Feeds:
Posts
Comments

Archive for the ‘Regency’ Category

Proposal

During the Regency once a gentleman asked for a lady’s hand and she accepted, he was stuck. There was no way he could honorably jilt her without ruining her reputation. Why? Because if he broke the engagement, it was presumed that she was not of good character.

The lady, however, could break a betrothal for any number of reasons without ruining either of their reputations. The main reason used was that she discovered they would not suit. The only time jilting a gentleman could cause a scandal is if it happened very close to the wedding date. Still, that wouldn’t last long.

There have been some very funny scenes in books that revolve around gentlemen attempting to convince a lady to break a betrothal. Two that come immediately to mind are The Grand Sophy and The Bath Tangle, both by the great Georgette Heyer.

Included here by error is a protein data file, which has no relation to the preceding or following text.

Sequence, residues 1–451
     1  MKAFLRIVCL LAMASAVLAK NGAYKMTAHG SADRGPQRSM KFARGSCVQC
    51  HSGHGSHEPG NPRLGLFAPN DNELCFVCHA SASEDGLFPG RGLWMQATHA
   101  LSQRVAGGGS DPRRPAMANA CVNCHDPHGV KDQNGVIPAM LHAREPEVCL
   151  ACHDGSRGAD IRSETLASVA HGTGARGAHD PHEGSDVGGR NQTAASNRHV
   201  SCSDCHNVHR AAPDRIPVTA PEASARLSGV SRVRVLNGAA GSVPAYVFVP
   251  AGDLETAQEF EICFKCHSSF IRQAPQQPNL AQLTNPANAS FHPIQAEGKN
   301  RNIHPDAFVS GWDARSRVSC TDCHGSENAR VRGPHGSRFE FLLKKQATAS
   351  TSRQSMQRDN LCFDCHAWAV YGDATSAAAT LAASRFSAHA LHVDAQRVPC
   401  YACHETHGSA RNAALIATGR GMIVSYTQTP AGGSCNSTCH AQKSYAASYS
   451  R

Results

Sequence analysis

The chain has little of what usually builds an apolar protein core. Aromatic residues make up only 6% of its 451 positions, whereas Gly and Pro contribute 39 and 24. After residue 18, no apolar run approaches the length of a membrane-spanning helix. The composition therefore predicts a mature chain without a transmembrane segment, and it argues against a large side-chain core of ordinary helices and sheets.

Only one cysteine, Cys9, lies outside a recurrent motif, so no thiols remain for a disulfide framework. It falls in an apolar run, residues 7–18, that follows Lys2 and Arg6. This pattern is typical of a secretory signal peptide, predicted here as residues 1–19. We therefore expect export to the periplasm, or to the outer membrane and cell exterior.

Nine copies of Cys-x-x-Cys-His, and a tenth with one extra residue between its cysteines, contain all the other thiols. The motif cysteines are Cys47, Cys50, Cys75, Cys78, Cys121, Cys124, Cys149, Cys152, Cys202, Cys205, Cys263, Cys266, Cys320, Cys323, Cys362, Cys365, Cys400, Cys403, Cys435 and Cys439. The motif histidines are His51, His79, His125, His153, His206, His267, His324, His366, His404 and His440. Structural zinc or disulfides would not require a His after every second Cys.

#RegencyTrivia #HistoricalRomance #ReadaRegency #GeorgetteHeyer

Advertisements

Read Full Post »

Hackney Coaches.

If one had to get around Town and couldn’t afford to either keep a town coach or hire one for the Season, hackney coaches (or cabs) were the answer.

Hackney’s had been around since the early 17th century and an owner had to be licenses to operate the coach.

Almost all hackney started out as private town coaches that had been purchased used. They were generally pulled by a pair of horses. Many hackney owners had three horses so that they could be rotated, and so that the owner had a spare horse in the event one horse was injured or died.

By the early 19th century there were over 1000 hackney coaches operating in the London area.